Working on the Xenovita RPG is like building a massive house from scratch. You start with a strong design, foundation, structure, and so on, making sure it can withstand the elements. By the time you get into interior decoration and small details, the house is built. Universe-building Xenovita is starts with the foundation. In this case, the galaxy itself. And how do you create a galaxy? You map it!
Mapping an entire galaxy is a daunting task, even if you are an experienced cartographer with the right tools. In approaching this task, we were aided by the meta-level structures we had developed for the universe, as they set the upper limits on what we had to map. Using some math theory, we knew from the outset that there are approximately 220,000 habitable worlds for humans within the Galaxy. 20,000 of those sit within the unnavigable Gravity-Shadow that bifurcates the galaxy and were not needed. Another 100,000 or so sat on the other side of that barrier and could remain an unknown quantity for later story and universe building. That still left 100,000 worlds to map. How do you map them? The key tool we use to map is ArcGIS Pro, a Geographic Information System (GIS) platform that is widely used across the world. GIS is used for mapping everything from roads to population change, fire recovery, or archaeological predictive models. ArcGIS is immensely powerful and many of its features are beyond what’s needed for mapping the Galaxy, however, it has some excellent features that make the task easy. First, as with every part of the reimagined Renegade Legion Universe, we wanted to make the map feel real. Many science fiction star maps are generalized things, or worse, it does not relate to the real universe in a meaningful way. To meet this challenge, we took our 100,000 habitable worlds as a baseline and worked out a way to tie that number to a real-world look for our game universe maps.
To make it work, we imported this map from NASA, which is a visual interpretation of the Milky Way Galaxy. In order to use the image map, it had to be georeferenced, which means pinning it to the earth’s surface. Georeferencing is necessary because ArcGIS Pro’s algorithms utilize the data to run their calculations. With georeferencing, the entire galaxy is attached to the earth to the south-east of Lismore in Australia.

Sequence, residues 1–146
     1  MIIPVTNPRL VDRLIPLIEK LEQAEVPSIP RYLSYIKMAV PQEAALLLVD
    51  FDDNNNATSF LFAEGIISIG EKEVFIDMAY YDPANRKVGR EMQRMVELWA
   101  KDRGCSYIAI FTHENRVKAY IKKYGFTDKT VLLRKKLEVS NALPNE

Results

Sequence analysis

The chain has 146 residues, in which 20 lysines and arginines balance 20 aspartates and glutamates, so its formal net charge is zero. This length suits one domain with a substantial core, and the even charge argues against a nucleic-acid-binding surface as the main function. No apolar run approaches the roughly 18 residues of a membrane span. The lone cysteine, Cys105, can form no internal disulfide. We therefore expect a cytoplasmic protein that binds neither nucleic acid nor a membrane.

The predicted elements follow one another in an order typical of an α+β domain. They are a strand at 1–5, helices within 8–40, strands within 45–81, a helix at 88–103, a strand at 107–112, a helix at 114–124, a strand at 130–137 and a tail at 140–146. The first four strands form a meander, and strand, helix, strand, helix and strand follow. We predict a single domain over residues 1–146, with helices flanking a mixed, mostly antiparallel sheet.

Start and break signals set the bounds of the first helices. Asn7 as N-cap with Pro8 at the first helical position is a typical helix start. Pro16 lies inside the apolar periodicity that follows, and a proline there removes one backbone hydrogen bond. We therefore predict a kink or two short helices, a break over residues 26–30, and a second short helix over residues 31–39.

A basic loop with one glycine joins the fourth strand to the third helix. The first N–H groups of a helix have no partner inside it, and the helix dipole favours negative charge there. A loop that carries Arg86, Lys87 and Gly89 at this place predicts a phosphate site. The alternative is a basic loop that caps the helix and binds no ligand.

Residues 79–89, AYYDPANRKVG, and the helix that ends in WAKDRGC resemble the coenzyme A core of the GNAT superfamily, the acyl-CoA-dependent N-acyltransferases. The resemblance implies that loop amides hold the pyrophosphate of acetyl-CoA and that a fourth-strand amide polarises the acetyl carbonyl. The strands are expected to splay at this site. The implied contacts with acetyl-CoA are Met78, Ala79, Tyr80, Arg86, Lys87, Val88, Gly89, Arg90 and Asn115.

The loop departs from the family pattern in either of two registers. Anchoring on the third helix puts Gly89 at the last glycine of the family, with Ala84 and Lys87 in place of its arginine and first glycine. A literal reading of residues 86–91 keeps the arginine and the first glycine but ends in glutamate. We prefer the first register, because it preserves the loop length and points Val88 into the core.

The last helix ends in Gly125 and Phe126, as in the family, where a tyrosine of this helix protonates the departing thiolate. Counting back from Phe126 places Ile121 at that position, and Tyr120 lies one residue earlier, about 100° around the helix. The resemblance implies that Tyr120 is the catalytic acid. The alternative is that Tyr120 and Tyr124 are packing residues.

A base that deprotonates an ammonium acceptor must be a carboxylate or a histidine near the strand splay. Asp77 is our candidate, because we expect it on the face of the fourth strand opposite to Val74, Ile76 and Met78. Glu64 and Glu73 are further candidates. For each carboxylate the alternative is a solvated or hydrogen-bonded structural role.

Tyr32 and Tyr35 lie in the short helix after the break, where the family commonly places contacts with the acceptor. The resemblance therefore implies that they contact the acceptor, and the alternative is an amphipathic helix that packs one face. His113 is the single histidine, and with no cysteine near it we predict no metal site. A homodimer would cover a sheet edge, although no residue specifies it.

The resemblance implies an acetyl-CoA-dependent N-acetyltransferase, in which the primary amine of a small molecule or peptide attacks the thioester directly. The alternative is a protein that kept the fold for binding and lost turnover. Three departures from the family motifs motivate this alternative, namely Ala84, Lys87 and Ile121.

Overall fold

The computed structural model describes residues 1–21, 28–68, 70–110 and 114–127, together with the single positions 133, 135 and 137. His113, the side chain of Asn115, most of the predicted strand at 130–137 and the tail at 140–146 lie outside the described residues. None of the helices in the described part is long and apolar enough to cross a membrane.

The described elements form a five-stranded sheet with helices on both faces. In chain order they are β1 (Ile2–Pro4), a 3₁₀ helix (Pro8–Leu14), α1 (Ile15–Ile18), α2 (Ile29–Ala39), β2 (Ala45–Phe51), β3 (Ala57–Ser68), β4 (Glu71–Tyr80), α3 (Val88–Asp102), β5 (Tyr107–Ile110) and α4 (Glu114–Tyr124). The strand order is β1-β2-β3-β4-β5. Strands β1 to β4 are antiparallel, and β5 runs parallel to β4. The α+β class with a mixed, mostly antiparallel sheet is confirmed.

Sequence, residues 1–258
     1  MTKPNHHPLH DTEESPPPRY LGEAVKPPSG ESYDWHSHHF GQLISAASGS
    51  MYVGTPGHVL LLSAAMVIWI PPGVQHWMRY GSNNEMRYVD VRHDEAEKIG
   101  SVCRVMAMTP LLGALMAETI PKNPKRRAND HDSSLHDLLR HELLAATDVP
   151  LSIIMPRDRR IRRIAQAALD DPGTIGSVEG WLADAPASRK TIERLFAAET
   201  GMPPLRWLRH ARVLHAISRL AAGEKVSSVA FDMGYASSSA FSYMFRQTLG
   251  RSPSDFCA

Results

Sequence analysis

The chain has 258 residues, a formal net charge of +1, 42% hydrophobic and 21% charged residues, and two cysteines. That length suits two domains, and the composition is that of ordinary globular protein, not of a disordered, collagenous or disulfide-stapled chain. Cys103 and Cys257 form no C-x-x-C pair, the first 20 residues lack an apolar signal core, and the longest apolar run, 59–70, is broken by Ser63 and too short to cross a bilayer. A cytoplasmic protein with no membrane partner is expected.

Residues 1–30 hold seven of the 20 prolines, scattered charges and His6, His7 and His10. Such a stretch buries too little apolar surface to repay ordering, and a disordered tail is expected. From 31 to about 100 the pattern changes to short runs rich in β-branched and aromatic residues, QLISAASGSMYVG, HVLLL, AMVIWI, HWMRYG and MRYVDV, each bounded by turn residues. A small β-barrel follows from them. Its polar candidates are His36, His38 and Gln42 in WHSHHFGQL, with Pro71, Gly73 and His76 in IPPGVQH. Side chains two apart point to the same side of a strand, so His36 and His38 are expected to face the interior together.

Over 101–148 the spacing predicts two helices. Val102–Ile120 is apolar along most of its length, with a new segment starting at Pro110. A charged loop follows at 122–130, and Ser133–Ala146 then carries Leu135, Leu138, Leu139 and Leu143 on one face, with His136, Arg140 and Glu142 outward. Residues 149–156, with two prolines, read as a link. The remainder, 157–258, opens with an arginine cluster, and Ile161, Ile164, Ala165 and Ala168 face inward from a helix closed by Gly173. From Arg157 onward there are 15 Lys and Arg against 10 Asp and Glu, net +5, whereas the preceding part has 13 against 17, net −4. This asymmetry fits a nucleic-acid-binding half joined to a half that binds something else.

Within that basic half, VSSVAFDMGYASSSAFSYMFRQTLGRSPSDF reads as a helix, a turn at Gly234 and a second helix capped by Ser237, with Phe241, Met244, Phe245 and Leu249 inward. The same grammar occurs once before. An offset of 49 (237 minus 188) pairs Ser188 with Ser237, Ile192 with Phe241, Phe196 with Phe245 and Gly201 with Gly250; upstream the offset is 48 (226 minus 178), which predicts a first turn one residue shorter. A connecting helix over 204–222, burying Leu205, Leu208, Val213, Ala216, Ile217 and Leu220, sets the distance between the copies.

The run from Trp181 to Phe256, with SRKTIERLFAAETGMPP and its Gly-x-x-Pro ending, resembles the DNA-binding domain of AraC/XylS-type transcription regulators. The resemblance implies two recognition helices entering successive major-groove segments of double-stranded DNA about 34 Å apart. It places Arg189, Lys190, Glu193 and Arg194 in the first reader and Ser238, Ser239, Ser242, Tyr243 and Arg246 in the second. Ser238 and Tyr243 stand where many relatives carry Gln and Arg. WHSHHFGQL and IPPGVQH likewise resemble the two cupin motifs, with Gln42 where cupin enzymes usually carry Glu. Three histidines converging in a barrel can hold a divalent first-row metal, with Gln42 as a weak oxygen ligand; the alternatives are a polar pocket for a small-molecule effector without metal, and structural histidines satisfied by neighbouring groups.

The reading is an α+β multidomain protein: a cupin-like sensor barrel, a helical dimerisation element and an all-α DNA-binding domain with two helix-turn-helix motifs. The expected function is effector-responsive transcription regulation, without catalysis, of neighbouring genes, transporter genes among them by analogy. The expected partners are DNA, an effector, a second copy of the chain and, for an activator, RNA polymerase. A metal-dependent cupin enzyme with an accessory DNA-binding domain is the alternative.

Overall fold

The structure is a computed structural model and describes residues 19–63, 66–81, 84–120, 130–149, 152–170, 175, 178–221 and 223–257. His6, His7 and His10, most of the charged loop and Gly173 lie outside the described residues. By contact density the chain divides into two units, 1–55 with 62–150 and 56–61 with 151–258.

The next step was defining where we would be mapping, which is the lower right-hand half of the Galaxy, but first, we first drew the Hyper-Shadows that prevent travel from one side of the Galaxy to the other. (We’ll explain hyper-shadows in a future post, so stay tuned.)
The next challenge was defining the concentration of systems across the half of the Galaxy we’re working in. Instead of trying to place 100,000 points manually, which would take a TON of time, only 1,000 were placed initially. By placing the first 1,000, we could concentrate these points along the arms of the galaxy where there were high concentrations of dust and gas in the star-forming regions. So, while we could have simply drawn a map shape and dropped 100,000 random points, it would not have looked real enough for us. Remember, we’re going for as much authenticity as possible with our stellar mechanics because they have a huge impact on the universe setting.
The next step was using the 1,000 points to create Thiessen Polygons. ArcGIS calculates the distance between each point and then creates a corresponding shape, which is the red polygons you see above. In the image, you’ll see that where there are more points, the created shapes are smaller, and between the spiral arms where there were fewer points, the shapes are larger.
By creating the polygons, we can start conceptualizing regions in a 2D way and begin creating individual faction scale. Specifically, we want to see potential scales for the TOG against other galactic powers and to make sure everything fits with our meta-scale data. However, as you can see, this is pretty bland, and as a Cartographer, you want the map to come to life.
So, we continued to play with the map to see what would fit and what wouldn’t, eventually settling on something we loved. A key tool to figuring this out was adding the remaining 99,000 worlds, or points. We did this by creating random points within each Thiessen Polygon. For each polygon, 100 points were randomly placed within it. By using the polygons and ArcGIS, dropping the remaining points took sixty seconds and saved a lot of time.
This gave us our 100,000 systems, randomly created, but conforming to the structure of the Galaxy we designed. From there, the next task was to add colors and layout, which are all pretty easy with a structured galactic setup. We then took these maps and created our stellar geography, naming regions of the galaxy so that the Milky Way sprung to life.
Most importantly, by using ArcGIS we could map each major historical epoch, which is great for story-boarding story events as well as detailing the fictional background of the game universe in a visage wall. Plus, all of the data is tied together so that it is consistently presented from beginning to end. We have a future post about mapping the TOG’s growth, however, we can show you what the Galaxy looked like in 3800. While this is well before our game-start time period, it’s a nice way to tease you with one of our favorite game-building tools.
Attached is the Renegade Legion universe in 3800. We hope you have plenty of questions after reading and seeing the map and hope you enjoyed learning about the mapping process! In a future post, we’ll show you how mapping can contribute to a living, evolving universe in a creative and interactive way using the latest technology, and how “real-time” mapping can greatly enhance everyone’s gameplay and storytelling.